All of these aspects of her life have culminated into her writing that’s accessible to people. Her poetry is spoken word with a heavy emphasis on things that we all know and do. Her fiction hits on darker, uncomfortable subjects, because she’s a firm believer that stories can be beautiful without being pretty.

She’s living on an island now, still a misfit, but now there’s palm trees. Life feels differently in a world filled with palm trees. She geeks out on books, Doctor Who, Star Trek TNG (aka the best generation), and social media.the-shaping-cover

What is the most important thing you’ve learned about writing?

When I was much younger, I thought the writing had to come out perfectly. That editing would somehow change the integrity of the work. Oh how naïve I was! Editing is the backbone of the writing process. In order to have one, you have to have the other.

How has this helped you as a writer?

It’s improved my writing immensely. When my work goes in front of people, I want it to be as close to perfect as possible.

Mac or PC?

I’m a PC.

Do you use Word or Scrivener?

Both, but I’m leaning more for Scrivener for novels and Word for short stories, poetry etc…

Do you write or take notes with an iPad or tablet?

No, I take notes with a notepad and a pen. I can’t shake the habit and I just don’t see a need to update it. Writing by hand is much more natural to me.

Do you have any writing rituals?

Right now, I’m developing a habit that I’ll share with you. I’m following “The Artist’s Way” by Julia Cameron. It’s a book that’s supposed to help you unleash your creativity. One thing she advises is for you to write three pages every morning for about 30 mins. I’ve been doing these morning pages on my couch at between 7am and 8am. Then I go over to my desk for the rest of my writing day. I burn incense and play music in the background, usually something without any words. Beverages are key. Either frozen or hot coffee and a mason jar with ice water. (When I write it out, it seems a lot more complicated than it actually is.)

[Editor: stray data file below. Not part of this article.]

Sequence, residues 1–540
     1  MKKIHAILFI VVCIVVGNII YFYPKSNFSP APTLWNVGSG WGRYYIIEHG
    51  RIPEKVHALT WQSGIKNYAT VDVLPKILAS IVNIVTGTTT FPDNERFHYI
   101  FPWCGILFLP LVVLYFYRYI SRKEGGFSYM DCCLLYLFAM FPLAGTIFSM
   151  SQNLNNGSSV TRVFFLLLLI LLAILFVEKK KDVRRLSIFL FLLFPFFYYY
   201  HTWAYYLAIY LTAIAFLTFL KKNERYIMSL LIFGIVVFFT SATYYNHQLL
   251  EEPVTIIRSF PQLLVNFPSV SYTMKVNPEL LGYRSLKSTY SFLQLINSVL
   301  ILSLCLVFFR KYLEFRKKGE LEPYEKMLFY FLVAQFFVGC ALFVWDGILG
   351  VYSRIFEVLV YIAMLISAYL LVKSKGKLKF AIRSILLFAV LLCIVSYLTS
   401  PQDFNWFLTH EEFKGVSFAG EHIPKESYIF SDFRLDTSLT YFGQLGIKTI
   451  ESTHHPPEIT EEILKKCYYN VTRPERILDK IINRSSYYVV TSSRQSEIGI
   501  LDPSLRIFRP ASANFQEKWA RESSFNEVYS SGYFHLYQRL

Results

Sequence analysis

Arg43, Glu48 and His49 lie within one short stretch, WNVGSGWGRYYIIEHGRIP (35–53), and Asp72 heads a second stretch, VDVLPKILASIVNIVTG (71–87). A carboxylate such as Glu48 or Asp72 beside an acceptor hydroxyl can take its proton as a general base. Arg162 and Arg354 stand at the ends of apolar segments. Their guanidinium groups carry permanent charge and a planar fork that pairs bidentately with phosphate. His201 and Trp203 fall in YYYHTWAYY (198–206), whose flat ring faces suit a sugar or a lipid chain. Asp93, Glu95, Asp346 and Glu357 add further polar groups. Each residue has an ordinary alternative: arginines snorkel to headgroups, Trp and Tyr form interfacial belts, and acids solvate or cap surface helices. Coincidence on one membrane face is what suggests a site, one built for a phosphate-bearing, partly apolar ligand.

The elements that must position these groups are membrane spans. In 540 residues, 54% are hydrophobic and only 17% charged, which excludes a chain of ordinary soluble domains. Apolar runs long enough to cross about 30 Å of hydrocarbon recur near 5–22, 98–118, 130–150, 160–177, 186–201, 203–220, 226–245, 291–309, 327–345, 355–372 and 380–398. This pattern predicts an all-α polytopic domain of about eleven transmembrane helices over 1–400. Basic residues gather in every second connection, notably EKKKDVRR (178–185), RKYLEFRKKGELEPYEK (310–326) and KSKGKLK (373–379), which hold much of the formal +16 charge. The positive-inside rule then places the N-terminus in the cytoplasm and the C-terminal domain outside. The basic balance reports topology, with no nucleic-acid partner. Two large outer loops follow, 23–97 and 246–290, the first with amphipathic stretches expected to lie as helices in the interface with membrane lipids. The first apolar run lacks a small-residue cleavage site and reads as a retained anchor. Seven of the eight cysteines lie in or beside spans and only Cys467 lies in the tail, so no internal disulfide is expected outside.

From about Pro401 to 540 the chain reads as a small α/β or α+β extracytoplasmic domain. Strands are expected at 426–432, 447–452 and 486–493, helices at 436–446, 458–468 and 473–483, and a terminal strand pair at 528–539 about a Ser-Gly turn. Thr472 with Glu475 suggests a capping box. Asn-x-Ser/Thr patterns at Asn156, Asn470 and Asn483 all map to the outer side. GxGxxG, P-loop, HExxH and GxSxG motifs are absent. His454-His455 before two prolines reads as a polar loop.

Do you start by writing or researching first?

I start by writing first. I like to get the idea down and then work backward to see what blanks I need to fill. Basically in order to find out what I don’t know, I need to start writing.

Favorite spot to write in the winter?

I’m in Hawai’i, so it’s all the same. Somewhere cool preferable in AC or in front of a fan. If I’m visiting my family in West Virginia, then I prefer to have hot cocoa.

Favorite spot to write in the summer?

When it’s too hot in my apartment, then I like to go hangout in a library. It’s cool and usually quiet. I’m not a big write on the beach person, but it does happen occasionally.

Visit Tamara’s website for the latest news. You can find her YouTube videos where she posts a weekly writing vlog and geeks out about books. She also has co-edits a poetry journal: The Reverie Journal. She’s been published and you can find her work on Amazon.

Follow her on Twitter: @penpaperpad

Like her Facebook page

Copyright © 2016 by Diane Morasco. All Rights Reserved.